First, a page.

Lilly basal poses uncertain threat to Lantus

Eli Lilly
Eli Lilly

With Eli Lilly's insulin glargine biosimilar on a 30-month hold for alleged patent infringement, the company may find another route to the basal insulin market—this one discovered in its own labs.

The Indianapolis-based drugmaker reported today that its basal insulin peglispro (BIL) showed superior blood sugar reduction in patients with type 2 diabetes on HbA1c tests over three Phase-III trials in a head-to-head with Sanofi's Lantus.

President, Lilly Diabetes, Enrique Conterno, stated, “Basal insulin peglispro is the first basal insulin to demonstrate consistently superior HbA1c reduction versus insulin glargine in Phase-III clinical trials." Conterno said the firm is on track to file BIL by Q1 2015.

ISI Group analyst Mark Schoenebaum wrote in an investor note this morning that, due to some of its side effects, BIL may face an uphill battle at the FDA and, if approved, in gaining commercial appeal.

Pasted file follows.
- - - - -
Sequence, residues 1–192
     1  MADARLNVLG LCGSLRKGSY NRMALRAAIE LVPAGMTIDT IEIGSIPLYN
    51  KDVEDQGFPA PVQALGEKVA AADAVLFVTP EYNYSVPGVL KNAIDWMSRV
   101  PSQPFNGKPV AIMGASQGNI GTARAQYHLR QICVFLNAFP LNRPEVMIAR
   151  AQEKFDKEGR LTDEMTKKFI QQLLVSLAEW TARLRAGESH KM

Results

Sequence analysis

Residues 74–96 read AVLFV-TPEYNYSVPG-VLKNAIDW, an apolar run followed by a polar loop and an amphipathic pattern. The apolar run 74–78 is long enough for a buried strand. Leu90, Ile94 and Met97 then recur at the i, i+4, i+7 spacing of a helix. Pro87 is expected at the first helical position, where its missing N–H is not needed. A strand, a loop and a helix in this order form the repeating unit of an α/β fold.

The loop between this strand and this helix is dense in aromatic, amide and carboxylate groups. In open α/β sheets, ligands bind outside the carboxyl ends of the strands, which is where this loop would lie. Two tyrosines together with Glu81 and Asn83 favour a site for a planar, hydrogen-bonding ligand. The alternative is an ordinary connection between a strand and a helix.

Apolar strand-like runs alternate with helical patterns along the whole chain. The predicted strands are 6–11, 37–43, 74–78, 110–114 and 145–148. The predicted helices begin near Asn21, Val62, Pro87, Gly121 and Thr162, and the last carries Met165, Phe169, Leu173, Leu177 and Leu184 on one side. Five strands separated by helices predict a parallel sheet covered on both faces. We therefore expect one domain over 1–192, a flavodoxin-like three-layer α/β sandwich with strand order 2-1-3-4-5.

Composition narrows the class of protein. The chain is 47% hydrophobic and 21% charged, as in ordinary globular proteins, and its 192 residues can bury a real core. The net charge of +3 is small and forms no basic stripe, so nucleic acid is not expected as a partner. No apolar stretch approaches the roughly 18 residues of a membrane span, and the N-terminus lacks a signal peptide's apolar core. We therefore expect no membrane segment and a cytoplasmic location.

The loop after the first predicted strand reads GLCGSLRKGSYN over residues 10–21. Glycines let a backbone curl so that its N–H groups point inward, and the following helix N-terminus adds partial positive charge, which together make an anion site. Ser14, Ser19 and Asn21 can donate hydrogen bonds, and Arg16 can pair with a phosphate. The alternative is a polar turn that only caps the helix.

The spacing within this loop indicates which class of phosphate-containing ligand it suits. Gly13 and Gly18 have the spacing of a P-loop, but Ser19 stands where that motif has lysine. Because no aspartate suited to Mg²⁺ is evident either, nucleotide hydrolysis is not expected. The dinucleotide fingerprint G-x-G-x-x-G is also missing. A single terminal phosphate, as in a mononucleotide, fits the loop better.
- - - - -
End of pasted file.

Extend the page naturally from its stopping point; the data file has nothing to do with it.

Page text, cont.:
“The drug causes significant bumps in liver enzymes and seems to increase the amount of fat present in the liver," the analyst wrote. "In additional, HDL declines and triglycerides increase. These factors, in my opinion, will give this drug a difficult commercial profile.”

The trial did show some favorable weight effects. Schoenebaum cautioned, however, that while a Phase-II trial demonstrated actual weight loss, “[Lilly] seems to say that no weight loss was seen in this [Phase-III] trial, but that magnitude of weight gain was less than glargine [Lantus].” He added that “we really need much more detailed data to understand this drug's complete profile.”

If that detailed data can make the case that BIL is as safe as it is effective, it stands to jump into a lucrative market. Schoenebaum says the Street's consensus of sales is about $600 million by 2020, and given that the worldwide basal insulin market is “about $10 billion,” that even “10% share of this market in 2015 could represent a significant ($1B+) market opportunity for Lilly.”